Category Archives: Op-Ed

“The Declaration of Innovation”

With Independence Day and the 235th birthday of the United States right around the corner, it seems appropriate to celebrate a trait we Americans pride ourselves on…innovation.  For over 200 years many American businesses have eclipsed those abroad by delivering novel ideas and products.

The Consumer Electronics Association (CEA) hopes to further stimulate American innovation by advocating legislation that would encourage innovation and return it to “to its rightful place at the center of America’s economic policy.”

CEA’s efforts include the publication of a book, The Comeback: How Innovation will Restore the American Dream by CEO Gary Shapiro, and the launch of “The Declaration of Innovation.”  At you are prompted to “add your John Hancock” and support policies to boost innovation in America.  Currently there are more than 132, 000 signatures supporting CEA’s movement.

The legendary American dream promises anyone with enough dedication and hard work the chance to do and be whatever they imagine.  Have you been inspired by the American dream?  This concept has encouraged many to create and produce the backbones of the American economy: the Wright brothers and the plane, Edison and the light bulb, Bell and the telephone, and Ford and the assembly line to name a few.

CEA argues that we need to rediscover innovation to grow our economy and obtain the American dream.  It is worth your time to visit “The Declaration of Innovation” site and read CEA’s argument.  Decide for yourself if the United States is beginning to lose sight of one of the characteristics that made us a superpower.

Racial issues plague administration

President Barack Obama is the first African American president of the United States. Some may think that shows how far the country has come since segregation.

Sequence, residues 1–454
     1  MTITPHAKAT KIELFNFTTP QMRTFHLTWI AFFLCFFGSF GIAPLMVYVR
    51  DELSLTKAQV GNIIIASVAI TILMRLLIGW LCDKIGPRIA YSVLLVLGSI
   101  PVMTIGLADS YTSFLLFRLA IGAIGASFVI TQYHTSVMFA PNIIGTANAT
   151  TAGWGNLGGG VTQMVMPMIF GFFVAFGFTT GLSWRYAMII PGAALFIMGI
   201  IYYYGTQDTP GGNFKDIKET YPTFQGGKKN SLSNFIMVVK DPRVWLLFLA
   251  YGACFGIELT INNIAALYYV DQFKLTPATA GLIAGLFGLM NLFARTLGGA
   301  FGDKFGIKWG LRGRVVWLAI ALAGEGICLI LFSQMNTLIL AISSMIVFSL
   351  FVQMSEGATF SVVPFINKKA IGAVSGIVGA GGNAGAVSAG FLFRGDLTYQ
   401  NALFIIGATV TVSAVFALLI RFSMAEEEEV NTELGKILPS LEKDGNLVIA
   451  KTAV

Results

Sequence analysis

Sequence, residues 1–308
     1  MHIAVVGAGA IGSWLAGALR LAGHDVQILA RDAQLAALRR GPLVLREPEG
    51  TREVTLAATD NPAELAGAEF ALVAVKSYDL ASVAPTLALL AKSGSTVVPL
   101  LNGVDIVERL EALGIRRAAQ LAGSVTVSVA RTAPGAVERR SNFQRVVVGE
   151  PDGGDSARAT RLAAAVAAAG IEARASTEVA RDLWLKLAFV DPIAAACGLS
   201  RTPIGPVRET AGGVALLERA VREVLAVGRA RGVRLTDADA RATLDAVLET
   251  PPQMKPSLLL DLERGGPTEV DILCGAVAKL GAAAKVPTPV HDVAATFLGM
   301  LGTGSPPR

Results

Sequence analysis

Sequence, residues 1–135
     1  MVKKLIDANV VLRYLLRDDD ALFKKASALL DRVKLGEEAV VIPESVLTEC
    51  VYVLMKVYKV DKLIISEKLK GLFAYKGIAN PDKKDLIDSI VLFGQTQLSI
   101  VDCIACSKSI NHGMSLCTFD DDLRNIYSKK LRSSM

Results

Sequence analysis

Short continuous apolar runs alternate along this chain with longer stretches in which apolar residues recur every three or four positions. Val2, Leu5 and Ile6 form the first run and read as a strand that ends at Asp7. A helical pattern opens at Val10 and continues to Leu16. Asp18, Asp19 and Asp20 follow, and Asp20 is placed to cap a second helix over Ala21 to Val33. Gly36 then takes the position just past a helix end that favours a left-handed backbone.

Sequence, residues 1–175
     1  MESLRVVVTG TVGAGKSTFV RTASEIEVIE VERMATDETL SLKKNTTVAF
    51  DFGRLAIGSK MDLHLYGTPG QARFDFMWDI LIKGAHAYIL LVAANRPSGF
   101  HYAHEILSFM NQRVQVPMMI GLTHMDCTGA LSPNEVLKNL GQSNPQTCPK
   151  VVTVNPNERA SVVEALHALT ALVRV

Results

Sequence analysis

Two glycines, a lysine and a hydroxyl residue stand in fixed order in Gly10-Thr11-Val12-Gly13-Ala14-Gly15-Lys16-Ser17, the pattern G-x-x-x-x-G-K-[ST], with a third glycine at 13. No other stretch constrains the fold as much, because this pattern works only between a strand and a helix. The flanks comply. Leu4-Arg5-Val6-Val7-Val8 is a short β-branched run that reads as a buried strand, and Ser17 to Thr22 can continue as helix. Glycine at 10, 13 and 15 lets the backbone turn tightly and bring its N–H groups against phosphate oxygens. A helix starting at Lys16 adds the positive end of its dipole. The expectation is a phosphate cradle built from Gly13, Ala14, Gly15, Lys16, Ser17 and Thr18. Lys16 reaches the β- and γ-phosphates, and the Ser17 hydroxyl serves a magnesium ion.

However, it seems that racial tensions have increased since Barack Obama began running for president. During the campaign, when anyone opposed his policies, they were accused of being racist. That prejudice has continued. Tea Party members are accused of being racist. In some publicized occasions, the accusation has incited violence.

Many headlines have been popping up recently, but a big incident of racial friction happened last July. Sgt. James Crowley arrested Henry Louis Gates, Jr. for disorderly conduct at his Cambridge home July 16 while investigating a possible burglary. Gates alleged he was a victim of racial profiling. Charges were later dropped. In the midst of this incident, Obama commented that the police sergeant “behaved stupidly”.

Everyone behaved stupidly. Both Crowley and Gates could have handled the situation with more aplomb. But worse, Obama made a judgement without knowing the facts. As the President of the United States, he shouldn’t have made any comment.

This summer, a Department of Justice dismissed voter intimidation charges against the New Black Panther Party, prompting criticism from conservative groups who said the black president was unwilling to prosecute fellow blacks for civil rights violations. A Department of Justice worker said this had become DOJ policy.

Which brings us to Sherrod.